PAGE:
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13 Comments on “The Best Of TTAC: Autobiography 4 – Life’s Intimate Mysteries Unveiled...”

  • avatar

    Oh, yeah! Cum, shaft, piston movement, and finally direct injection!

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    crash sled

    Ah yes, I believe my first time was with a Tecumseh, but it proceeded along similar lines as your Briggs. She eventually (sorta) warmed to my touch… but she had a lot more experience than me.

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    I started out Asian, a Honda XR 75. Always quickies – never wanted to get more than a couple hours in, who wants to be without a ride when you’re 12?

    Fortunately, one of my friends had abused an old Suzi to the point of lockup, so we got to take her all the way down in my parents’ basement.

  • avatar

    112 John Deere, Kohler 12hp, manual choke, she was much older than me (brn. 1973, me brn. 1977). Afterward we were both exhausted but the old girl loved to be opened up. You never forget your first.

  • avatar

    Like most things, reality is never quite up to expectations. That’s why Loren Beauchamp is a man, and trailer camp tramps (say it fast 10 times) never ever look that way, although sometimes they might have a full set of teeth. Sadly, I never hung with any fast driving teenage gang debs, either. But when your daily driver said Cortina on the side, even if it was the GT version, what could be expected?

  • avatar

    Hey.. my first time was a foursome. My buddies dad had an ancient but functional roter tiller with a Briggs and Stratten side drive. My dad had a Lawnboy two stroke.

    We tore them both down,in a vain attempt to understand the difference between two and four stroke engines.

    My dad had never met my buddies dad,untill they found themselves at the local small engine shop with similar problems.

    The old roter tiller went to roter tiller heaven. My buddy spent the rest of the summer running a hoe and pulling weeds. My dad decided,that seeing as how I was so intererested in lawn mowers I could be the full time lawn cutter.

  • avatar

    Like you, my first was a 3hp Briggs on the go-kart I got for Christmas when I was 6 years old. After tooling around the neighborhood for about a month, I just knew this engine had more in it. I saw this mysterious linkage system where the throttle cable was hooked to a lever on the carburetor. From this lever, a spring looking rod disappeared into the flywheel housing. Out from the housing came another rod that actuated the butterfly in the carburetor. Hmmm …. was some mysterious thing inside the housing keeping my foot from fully opening the butterfly? I had to find out. After removing the flywheel cover, I found this flat blade looking thing that pivoted on a shaft. Both the spring rod from the lever on the carburetor and the rod that rotated the butterfly were hooked into it. What was this??? After looking at it, I began to wonder if the fan blades on the flywheel were creating some sort of wind pressure on the flat blade that kept the butterfly rod “in check”. Hmmm …. maybe that’s why the spring was attached between my foot and the mysterious flat blade. This was keeping the damn butterfly from opening!! Well, I wasn’t going to have any of that. I got the metal shears out of my dad’s tool box and trimmed that blade down to virtually nothing. Feeling all powerful, I reassembled the cover, hooked everything back up, and gave it a pull. Started fine. Hopped in and proceeded to floor the pedal. My curiosity about what might happen turned into a huge grin as it appeared that I had increased the top speed of the kart by about double. Gee, I must have disabled some sort of governor, and my dad is probably gonna kill me when he finds out (remember … I’m only six).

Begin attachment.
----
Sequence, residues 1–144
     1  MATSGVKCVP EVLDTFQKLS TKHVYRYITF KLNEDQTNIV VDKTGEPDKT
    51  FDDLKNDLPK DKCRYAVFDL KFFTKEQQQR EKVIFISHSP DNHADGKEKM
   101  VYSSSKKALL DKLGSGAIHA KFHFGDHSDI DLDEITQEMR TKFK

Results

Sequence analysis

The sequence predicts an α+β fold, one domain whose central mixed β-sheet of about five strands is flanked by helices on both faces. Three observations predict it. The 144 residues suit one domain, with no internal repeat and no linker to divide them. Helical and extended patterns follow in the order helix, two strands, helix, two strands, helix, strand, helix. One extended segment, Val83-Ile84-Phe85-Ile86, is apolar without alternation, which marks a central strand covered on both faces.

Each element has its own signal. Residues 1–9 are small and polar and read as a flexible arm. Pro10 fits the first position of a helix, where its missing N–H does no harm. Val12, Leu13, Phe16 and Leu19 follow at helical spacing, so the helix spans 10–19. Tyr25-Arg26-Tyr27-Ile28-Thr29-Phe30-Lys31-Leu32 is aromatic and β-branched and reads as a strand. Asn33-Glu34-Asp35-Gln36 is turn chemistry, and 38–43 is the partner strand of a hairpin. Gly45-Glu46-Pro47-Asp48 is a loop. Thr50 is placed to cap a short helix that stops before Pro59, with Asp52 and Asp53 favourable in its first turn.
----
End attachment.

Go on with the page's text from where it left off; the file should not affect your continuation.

Well, he found out, but instead of being mad he was totally shocked and pleased. When he asked how in the world did I think to disable the governor, I told him I didn’t have a clue … my mind just seemed to figure it out. I guess that’s one of the reasons I became a Mechanical Engineer … and still freak my wife out when it comes to all things mechanical.

  • avatar

    Honda 50 that I tore down to every single nut and bolt in the basement. My father was so stunned he brought his friend down and said. “look what he did to her’ and “I’ll be dammned, ever part is plated”. Then I put her back together and rode till larger asian ladies appeared. That little lady is still going strong nearly 40 years later, a pit bike somewhere in North Carolina by way of Idaho and all the way from the coast of Washington state.

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    A set of go-kart wheels with tiller steering and pulley on the rear axle, a 4×2 sheet of 3/4″ plywood, a few odd bolts out of my Dad’s junk stash, and a 7hp Briggs.

  • avatar

    All this talk of exposure and laying bare what is underneath makes me feel so dirty.

  • avatar

    Edward, you had me at Enginealia.